After Trump blocked the testimony of Ambassador Gordon Sondland, House Intel Committee Chair Adam Schiff slammed 'obstruction' and attempts to 'cover up' the truth.
House Intelligence Committee Chair Adam Schiff blasted the Trump administration on Tuesday for their last-minute decision to hold up congressional testimony by Gordan Sondland, the U.S. ambassador to the European Union.
Just before he was scheduled to testify about efforts by Trump to get Ukraine to dig up political dirt on former Vice President Joe Biden, the State Department announced that Sondland would be blocked from appearing.
"The failure to produce this witness, the failure to produce these documents, we consider yet additional strong evidence of obstruction of the constitutional functions of Congress, a coequal branch of government," Schiff explained.
Schiff then went into detail on the evidence that is being hidden.
"We are also aware that the ambassador has text messages or emails on a personal device which has been provided to the State Department," he said, noting that the department is "withholding those messages" from the committee.
Schiff said the texts involve discussions between Sondland, Ukrainian officials, and Trump along with "at least one U.S. senator."
According to Schiff, the committee is investigating to see if Trump, Secretary of State Mike Pompeo, and others worked to "cover up this misconduct."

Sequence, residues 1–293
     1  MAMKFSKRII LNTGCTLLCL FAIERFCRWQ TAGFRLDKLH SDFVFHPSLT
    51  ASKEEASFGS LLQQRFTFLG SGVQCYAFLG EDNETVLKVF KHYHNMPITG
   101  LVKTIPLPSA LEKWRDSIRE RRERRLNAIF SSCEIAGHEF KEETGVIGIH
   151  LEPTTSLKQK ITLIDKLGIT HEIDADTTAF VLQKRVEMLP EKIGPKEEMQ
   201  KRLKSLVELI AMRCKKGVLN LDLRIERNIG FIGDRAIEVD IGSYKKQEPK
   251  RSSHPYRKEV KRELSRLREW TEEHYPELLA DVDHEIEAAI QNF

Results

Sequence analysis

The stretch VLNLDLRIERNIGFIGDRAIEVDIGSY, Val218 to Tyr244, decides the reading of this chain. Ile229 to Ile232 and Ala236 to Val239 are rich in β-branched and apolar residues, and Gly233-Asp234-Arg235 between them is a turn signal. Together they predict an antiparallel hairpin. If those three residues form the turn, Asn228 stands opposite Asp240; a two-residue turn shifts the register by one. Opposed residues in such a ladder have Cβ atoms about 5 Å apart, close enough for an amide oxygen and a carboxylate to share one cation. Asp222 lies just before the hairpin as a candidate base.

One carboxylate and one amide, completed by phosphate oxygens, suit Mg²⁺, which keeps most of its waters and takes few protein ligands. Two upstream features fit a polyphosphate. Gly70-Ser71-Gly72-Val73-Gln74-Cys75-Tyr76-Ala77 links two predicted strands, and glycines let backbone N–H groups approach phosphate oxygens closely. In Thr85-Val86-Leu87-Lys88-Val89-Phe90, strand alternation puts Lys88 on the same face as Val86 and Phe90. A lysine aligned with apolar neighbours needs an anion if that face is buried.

"[The impeachment inquiry] goes to the core of whether the president abused his office to seek political help in his reelection campaign and did so to the detriment of our nation's security," Schiff said.
Trump was "effectively coercing a country that has been invaded by Russia to investigate a rival and condition the relationship between this country and that country on whether they were willing to play ball," he added.
"It is hard to imagine a set of facts more damaging to our national security and our standing in the world, but also more of a fundamental breach of the president's oath of office," Schiff said.
"The American people have the right to know if the president is acting in their interests, in the nation's interests, with an eye towards our national security and not in his narrow personal, political interests. They have a right to know, indeed the American people have a need to know and through this impeachment inquiry, we are determined to find the answers."
Published with permission of The American Independent.